Mpox Vaccines Are Headed to States. Will They Be Enough?

monkeypox test

Verywell Health / Julie Bang

Key Takeaways

  • The U.S. Department of Health and Human Services will be sending thousands of mpox vaccine doses to states with high transmission of the virus in the coming weeks.
  • The vaccine being distributed is the Jynneos vaccine, which is administered via two injections four weeks apart.
  • People who've been exposed to someone with mpox or who have presumably been exposed to mpox are currently eligible to receive the vaccine.
  • Experts say there are ways to prevent getting mpox, such as avoiding close contact with someone who has the disease and maintaining good hand hygiene.

The Biden Administration announced on Tuesday a nationwide vaccine strategy to control the spread of the mpox (formerly known as monkeypox) virus in the United States as cases continue to increase. 

So far, there have been 306 confirmed cases of mpox identified across 28 states, according to the Centers for Disease Control and Prevention (CDC).

The U.S. Department of Health and Human Services (HHS) will make 296,000 doses available in the coming weeks with 56,000 of those doses made available immediately to areas with high mpox transmission.

HHS will begin by prioritizing states with the highest case rates of mpox, which include California (66 cases), New York (63 cases), Illinois (45 cases), Florida (27 cases), and Washington, D.C. (20 cases).

Other states with confirmed cases will also be able to order/request vaccines using a tiered allocation system.

"The administration’s current strategy is focused on containing the outbreak by providing vaccines to those most in need to prevent further spread of monkeypox in the communities most impacted,"  Rochelle Walensky, MD, MPH, the Director of the CDC, told reporters during a media briefing Tuesday. "As additional supply becomes available, we will further expand our efforts, making vaccines available to a wider population."

Cities like New York and Washington, D.C. were among the first to begin vaccinating at-risk groups for mpox, however, appointments ran out quickly with no more appointments available at the moment.

What Is Mpox?

Mpox is a rare disease related to smallpox defined by raised lesions on the skin. It is spread through close contact with an infected person’s rash, bodily fluids, or respiratory secretions.

What Is the Mpox Vaccine?

The vaccine being distributed is the Jynneos vaccine, which is administered in two doses and delivered 28 days apart. People who receive the vaccine are not considered vaccinated until two weeks after they receive the second dose of the vaccine, Teena Chopra, MD, MPH, professor of medicine, division of infectious diseases at Wayne State University, told Verywell. 

HHS expects an additional 240,000 doses to be shipped out over the next few weeks with thousands of more doses to come this summer and fall. All told, officials anticipate making at least 1.6 million mpox doses available in the U.S. by the end of the year.

Despite the ramp up in production, health experts worry the limited supply now will not be sufficient enough to stop or significantly slow the spread of the virus.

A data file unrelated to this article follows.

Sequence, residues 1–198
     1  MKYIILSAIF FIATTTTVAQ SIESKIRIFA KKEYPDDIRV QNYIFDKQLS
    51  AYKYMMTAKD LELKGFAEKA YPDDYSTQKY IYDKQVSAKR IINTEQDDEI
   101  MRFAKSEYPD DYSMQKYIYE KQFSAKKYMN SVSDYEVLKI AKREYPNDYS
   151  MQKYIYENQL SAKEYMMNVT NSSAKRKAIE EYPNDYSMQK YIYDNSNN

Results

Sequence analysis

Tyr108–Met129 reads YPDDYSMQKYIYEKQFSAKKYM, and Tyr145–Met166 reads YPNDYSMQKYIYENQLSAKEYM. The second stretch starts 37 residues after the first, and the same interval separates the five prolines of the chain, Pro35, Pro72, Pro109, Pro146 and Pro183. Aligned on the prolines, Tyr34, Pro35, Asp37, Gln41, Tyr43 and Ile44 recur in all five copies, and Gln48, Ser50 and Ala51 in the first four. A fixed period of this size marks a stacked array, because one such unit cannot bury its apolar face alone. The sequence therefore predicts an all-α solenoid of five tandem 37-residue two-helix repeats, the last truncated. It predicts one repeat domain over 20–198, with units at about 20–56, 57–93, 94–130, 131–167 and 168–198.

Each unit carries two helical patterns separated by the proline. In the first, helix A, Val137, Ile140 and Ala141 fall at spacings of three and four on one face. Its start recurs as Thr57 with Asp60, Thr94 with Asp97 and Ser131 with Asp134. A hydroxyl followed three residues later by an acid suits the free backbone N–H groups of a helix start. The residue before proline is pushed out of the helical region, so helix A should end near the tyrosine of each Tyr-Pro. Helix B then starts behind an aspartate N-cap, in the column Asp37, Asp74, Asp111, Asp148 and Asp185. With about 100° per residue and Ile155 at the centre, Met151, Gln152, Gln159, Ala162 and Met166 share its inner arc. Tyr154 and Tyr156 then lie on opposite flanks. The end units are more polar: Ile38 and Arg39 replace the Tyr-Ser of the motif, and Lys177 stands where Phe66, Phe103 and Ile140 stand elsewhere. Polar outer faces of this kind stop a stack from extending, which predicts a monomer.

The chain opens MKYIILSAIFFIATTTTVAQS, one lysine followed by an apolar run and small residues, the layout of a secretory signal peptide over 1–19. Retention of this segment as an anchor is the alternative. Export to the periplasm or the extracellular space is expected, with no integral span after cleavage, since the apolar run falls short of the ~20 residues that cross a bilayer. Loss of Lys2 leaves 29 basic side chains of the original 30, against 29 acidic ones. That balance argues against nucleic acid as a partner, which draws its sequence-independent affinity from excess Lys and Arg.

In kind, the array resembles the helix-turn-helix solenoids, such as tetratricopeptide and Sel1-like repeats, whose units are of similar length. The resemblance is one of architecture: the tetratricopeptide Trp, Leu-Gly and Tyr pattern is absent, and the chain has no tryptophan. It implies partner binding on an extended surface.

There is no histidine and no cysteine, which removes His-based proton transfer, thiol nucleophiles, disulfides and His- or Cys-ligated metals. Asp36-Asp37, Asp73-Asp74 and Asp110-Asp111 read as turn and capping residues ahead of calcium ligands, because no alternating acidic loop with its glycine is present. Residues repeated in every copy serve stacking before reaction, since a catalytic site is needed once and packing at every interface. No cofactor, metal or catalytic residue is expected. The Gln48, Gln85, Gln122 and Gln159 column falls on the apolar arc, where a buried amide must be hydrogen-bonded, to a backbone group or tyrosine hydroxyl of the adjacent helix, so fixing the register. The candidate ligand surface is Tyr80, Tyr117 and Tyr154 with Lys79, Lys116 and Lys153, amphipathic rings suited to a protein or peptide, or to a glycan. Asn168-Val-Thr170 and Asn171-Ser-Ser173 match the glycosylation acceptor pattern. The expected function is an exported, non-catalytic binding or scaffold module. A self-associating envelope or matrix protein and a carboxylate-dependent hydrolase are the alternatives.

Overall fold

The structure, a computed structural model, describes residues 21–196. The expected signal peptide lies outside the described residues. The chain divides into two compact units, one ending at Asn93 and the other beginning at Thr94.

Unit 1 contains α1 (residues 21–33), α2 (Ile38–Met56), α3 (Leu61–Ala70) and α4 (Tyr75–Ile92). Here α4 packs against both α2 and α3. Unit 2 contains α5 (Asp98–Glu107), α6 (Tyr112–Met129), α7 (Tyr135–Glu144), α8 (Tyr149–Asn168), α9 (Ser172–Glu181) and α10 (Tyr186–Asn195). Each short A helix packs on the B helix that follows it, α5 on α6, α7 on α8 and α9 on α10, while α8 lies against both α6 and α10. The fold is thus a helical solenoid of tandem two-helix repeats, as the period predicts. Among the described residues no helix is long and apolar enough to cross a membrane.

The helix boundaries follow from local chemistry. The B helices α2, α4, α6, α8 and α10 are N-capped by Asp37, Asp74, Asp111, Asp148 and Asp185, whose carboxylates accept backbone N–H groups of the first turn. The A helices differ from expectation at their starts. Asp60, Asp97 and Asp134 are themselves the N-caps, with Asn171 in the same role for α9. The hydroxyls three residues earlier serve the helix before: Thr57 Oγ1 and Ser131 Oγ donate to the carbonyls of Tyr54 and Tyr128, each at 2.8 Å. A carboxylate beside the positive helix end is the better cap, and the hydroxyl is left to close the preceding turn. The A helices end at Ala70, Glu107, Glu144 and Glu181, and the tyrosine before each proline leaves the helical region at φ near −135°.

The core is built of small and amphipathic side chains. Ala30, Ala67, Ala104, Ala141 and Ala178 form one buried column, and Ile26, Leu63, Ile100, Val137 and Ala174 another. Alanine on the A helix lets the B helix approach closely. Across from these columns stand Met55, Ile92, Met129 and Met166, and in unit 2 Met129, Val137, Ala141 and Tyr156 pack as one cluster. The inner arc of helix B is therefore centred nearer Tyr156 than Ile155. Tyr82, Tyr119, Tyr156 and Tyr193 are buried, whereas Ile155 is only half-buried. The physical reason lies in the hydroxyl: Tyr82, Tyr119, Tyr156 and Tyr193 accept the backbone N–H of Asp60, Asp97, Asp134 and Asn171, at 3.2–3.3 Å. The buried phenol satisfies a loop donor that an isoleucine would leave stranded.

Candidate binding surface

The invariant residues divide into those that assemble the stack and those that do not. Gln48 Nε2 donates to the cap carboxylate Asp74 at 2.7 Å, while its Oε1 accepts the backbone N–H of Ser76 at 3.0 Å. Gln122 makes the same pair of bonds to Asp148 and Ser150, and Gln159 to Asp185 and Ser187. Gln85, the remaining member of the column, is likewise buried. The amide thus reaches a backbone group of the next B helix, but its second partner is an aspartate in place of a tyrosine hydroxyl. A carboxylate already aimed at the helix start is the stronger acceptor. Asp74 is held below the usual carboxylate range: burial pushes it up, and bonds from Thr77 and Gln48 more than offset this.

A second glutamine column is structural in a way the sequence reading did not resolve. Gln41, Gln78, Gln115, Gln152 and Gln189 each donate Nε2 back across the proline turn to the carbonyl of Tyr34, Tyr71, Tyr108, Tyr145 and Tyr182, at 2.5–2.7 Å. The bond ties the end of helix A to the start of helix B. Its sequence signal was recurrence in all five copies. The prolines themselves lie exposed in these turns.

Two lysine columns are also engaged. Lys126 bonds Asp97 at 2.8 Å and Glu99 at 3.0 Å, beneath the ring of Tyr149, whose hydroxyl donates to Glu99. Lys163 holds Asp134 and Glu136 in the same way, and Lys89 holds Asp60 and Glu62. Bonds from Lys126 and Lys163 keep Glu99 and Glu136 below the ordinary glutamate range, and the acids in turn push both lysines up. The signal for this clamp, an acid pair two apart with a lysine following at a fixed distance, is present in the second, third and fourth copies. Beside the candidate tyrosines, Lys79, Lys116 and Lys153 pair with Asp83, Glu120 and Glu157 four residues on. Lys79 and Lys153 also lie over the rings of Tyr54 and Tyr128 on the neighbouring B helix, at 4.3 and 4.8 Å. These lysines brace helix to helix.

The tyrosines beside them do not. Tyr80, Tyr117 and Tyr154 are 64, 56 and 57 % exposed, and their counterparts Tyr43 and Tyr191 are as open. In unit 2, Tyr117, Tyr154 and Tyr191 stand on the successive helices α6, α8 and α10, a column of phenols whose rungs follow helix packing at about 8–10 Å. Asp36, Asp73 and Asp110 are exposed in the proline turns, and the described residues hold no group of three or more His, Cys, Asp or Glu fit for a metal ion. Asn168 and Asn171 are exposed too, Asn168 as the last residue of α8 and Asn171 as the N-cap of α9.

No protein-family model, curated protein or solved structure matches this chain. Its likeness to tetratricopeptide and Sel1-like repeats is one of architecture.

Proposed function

“The supply of vaccine is limited at this point, and to prevent transmission, vaccination should be given as early as possible after exposure,” Robert Bollinger, MD, MPH, professor of infectious diseases and professor of medicine at Johns Hopkins Medicine, told Verywell. “The hope is that vaccination of exposed persons could reduce the spread of the infection. We will have to see if this current effort is sufficient to slow down transmission.”

Who Is Currently Eligible for an Mpox Vaccine?

The updated White House mpox outbreak response plan recommends people with confirmed and presumed mpox exposure receive the Jynneos vaccine.

Initially, the only people who could get mpox vaccines were those with a confirmed exposure. But due to the difficulty identifying close contacts during the current outbreak, the new plan states contact tracing or confirmed exposure are not prerequisites for vaccination; if someone believes they've been exposed, that's enough.

"This expands the ring from known contacts to possible contacts," Richard Reithinger, PhD, vice president of global health at research nonprofit RTI International, told Verywell. "If people have been at an event where monkeypox is known to have spread, they are now eligible for vaccination."

According to the White House, eligible groups include: 

  • People who had close physical contact with someone diagnosed with mpox
  • Those who know their sexual partner was diagnosed with mpox
  • Men who have sex with men who have recently had multiple sex partners in a “venue where there was known to be monkeypox or in an area where monkeypox is spreading"

Reithinger said a booster may be necessary every 10 years.

He noted that an older smallpox vaccine called ACAM2000 is also available, but that vaccine is considered to have a greater risk of side effects and is not recommended for people who have HIV.

Is The Current Vaccine Distribution Plan In The U.S. Going To Be Enough?